Creamy Traditional Lebanese Hummus
This traditional Lebanese hummus recipe is a smooth and creamy dip.
In the US, hummus has become popular with the meditation diet. But did you know that Lebanese hummus is different from most hummus in America? The key to our hummus is extra virgin olive oil, chickpeas,and baking soda. That is right, you can get creamy Lebanese hummus with just a little baking soda! I will show you how.
Have you ever had traditional Lebanese hummus? It is significantly different from most hummus served in America. It is creamy, smooth, and better than any hummus bought at a store.
I know that sounds biased, but I promise it's not. As a Lebanese-American I take my hummus seriously. This is traditional Lebanese hummus. I like to pair hummus with tabouli, a traditional Arabic salad.
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What is Hummus?
Hummus is a traditional Middle Eastern dip. You make this dip by combining garbanzo beans (also known as chickpeas), tahini, extra virgin olive oil, fresh lemon juice, garlic, and salt in a food processor. Traditionally, we dip the pita bread directly into the hummus and do not use utensils. For this second-generation Lebanese-American, I love hummus inside a pita with tabbouleh. It has a refreshing flavor, and I cannot get enough of it.
Hummus has become very popular in the United States over the last few years (ok decades) for its health benefits, thanks to the Mediterranean diet. In America, we often buy pre-made hummus at the store. This hummus is coarse and very different from Lebanese hummus.
Next time you want hummus, use this hummus recipe. It is super easy, the flavor is amazing, and the texture is soooooo smooth! You can make it in less time than going to the store and waiting in line.
Once you eat it, you will notice the difference, and there is no going back to store-bought!
How Is This Hummus Different?
If you have had traditional hummus, you will notice one thing; the texture is very smooth. There is only one way to achieve this smooth texture: removing the garbanzo bean shells. To this, you must:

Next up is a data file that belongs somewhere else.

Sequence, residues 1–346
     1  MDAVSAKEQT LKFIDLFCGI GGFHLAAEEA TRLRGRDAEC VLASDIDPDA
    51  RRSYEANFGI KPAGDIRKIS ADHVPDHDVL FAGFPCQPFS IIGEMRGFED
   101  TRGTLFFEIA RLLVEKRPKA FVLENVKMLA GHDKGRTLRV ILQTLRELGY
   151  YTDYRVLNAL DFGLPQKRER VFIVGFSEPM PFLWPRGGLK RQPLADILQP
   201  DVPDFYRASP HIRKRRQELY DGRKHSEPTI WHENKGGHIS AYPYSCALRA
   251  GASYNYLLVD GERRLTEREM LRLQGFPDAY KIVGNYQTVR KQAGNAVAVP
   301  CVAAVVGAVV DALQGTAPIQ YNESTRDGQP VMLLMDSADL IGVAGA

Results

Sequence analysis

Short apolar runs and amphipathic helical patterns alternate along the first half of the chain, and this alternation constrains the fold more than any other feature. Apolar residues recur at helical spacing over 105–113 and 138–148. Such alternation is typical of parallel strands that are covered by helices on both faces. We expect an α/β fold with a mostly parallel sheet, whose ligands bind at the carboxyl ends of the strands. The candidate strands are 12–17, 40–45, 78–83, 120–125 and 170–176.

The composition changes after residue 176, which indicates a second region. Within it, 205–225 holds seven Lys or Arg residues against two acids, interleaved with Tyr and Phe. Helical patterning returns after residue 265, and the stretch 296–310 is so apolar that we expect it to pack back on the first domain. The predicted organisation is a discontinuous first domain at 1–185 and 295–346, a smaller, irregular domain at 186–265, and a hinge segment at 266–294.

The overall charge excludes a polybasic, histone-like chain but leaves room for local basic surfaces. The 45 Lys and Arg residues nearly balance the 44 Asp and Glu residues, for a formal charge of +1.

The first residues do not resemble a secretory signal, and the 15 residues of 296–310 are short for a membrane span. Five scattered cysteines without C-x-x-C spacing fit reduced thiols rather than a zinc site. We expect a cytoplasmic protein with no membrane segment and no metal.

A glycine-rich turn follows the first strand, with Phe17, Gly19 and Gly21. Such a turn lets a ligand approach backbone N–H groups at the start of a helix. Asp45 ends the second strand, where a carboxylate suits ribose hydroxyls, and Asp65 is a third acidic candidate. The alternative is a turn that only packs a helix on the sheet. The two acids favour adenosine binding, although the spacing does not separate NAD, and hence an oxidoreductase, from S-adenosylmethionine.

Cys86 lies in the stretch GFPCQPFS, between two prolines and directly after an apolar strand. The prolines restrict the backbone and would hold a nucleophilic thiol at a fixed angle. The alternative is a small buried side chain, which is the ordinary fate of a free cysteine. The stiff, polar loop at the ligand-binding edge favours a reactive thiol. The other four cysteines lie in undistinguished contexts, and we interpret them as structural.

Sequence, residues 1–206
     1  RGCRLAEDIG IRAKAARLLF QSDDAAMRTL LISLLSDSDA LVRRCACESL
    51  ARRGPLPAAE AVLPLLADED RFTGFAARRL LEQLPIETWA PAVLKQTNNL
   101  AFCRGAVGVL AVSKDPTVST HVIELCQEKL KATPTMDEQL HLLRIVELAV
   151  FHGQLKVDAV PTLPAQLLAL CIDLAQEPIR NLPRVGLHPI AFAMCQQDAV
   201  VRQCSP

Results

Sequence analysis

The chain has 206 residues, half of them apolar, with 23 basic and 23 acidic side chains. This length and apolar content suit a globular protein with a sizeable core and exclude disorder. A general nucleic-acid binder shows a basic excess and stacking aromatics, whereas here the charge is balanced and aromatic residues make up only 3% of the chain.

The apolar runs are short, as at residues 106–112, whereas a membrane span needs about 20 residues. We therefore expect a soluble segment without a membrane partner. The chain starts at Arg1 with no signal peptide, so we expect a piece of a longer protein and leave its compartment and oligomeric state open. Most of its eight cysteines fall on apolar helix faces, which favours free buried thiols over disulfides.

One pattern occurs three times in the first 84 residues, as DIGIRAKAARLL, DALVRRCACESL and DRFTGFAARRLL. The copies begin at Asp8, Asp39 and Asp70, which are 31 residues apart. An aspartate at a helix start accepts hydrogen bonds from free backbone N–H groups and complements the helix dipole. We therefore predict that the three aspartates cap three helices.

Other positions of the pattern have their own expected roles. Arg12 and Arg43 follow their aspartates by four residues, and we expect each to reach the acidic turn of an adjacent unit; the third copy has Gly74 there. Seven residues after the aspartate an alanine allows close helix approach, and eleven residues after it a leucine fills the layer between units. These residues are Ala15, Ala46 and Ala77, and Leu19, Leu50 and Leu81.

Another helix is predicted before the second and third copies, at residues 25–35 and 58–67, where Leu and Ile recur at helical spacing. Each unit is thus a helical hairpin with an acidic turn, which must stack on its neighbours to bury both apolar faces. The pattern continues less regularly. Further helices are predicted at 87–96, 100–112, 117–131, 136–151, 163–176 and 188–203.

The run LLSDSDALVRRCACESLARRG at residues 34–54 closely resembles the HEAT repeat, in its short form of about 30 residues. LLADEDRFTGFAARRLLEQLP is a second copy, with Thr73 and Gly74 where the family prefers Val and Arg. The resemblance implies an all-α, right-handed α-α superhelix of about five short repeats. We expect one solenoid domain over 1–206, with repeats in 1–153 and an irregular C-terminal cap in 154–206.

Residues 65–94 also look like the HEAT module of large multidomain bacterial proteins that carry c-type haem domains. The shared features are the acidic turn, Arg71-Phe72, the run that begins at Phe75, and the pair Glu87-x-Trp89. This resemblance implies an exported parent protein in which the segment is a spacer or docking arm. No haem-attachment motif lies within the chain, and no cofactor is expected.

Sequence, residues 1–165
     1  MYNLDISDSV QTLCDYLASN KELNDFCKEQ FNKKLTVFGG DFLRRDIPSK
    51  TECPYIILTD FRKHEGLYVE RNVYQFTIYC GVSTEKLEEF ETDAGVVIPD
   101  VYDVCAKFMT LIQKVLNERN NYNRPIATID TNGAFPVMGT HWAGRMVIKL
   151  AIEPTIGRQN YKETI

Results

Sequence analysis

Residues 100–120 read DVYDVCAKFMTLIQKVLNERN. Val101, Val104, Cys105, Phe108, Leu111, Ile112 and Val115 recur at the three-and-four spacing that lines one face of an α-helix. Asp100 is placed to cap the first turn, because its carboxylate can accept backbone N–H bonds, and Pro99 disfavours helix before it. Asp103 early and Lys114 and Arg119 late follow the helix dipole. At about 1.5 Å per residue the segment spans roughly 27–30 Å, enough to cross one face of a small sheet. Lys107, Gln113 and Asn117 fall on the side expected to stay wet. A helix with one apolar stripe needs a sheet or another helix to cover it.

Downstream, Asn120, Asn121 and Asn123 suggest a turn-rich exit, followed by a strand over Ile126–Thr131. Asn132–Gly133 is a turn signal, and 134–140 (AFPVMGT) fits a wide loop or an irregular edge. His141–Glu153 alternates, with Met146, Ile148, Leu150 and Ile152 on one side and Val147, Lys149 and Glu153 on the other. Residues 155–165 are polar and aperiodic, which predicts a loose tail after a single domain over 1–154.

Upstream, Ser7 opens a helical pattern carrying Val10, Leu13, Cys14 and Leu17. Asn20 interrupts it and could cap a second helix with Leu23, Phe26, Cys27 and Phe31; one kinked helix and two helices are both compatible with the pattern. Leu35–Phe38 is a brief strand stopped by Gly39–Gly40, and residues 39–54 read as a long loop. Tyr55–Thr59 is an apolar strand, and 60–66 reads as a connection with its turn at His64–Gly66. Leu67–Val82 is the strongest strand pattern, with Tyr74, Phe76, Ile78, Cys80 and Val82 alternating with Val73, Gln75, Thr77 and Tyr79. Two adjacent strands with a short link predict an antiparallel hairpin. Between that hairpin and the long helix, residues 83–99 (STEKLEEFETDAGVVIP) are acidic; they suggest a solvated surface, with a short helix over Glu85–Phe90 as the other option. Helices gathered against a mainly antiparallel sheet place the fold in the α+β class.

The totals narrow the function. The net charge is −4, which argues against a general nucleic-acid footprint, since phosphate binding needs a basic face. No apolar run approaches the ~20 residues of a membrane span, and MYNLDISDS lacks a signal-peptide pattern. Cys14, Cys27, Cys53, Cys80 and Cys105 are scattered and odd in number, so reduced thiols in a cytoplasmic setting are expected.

- First: Soak the garbanzo beans in baking soda. I know that using baking soda to make hummus sounds crazy, but it works. Start by opening a can of chickpeas (also known as garbanzo beans), drain, and rinse. Then place the chickpeas in a bowl, fill with water to cover by 2 inches, and add a teaspoon of baking soda. Let the chickpeas soak for five to ten minutes. This step is double-acting; it softens the beans and loosens the shell.
- Then: Remove the shells. Once the beans have soaked for a few minutes, the shells will disconnect from the beans. Gently rub the chickpeas together to remove the shells. This does not have to be perfect. Aim for 80% removed. You will find the shells slide right off. This step takes about 10 -15 minutes and is one of two keys to perfect hummus.
Hummus only takes a few ingredients to make, and you will already have most of them. I like to add all kinds of toppings to my hummus, especially kalamata olives. The flavors complement each other and help make this dip insanely delicious! The ingredients you will need are:
- Chickpeas, also known as garbanzo beans (15oz)
- Fresh lemon juice (¼ cup)
- Tahini (2 tablespoons)
- Garlic cloves (1)
- Pinch of salt
- Ice cubes (2)
- 1 teaspoon baking soda
- Olive oil
- Optional toppings: parsley, kalamata olives, tomatoes, carrots, etc.
What the Heck is Tahini?
Tahini is a Middle Eastern condiment made from toasted ground hulled sesame seeds. I like to think of tahini as the sesame seed version of peanut butter. Similar to peanut butter, tahini varies in quality. I strongly believe it is worth investing in good tahini. I always find the best quality tahini in the kosher section of the grocery store. At my store, it will cost around $6, which is a little more than a container of pre-made hummus and so worth it.
Remember to Save the Aquafaba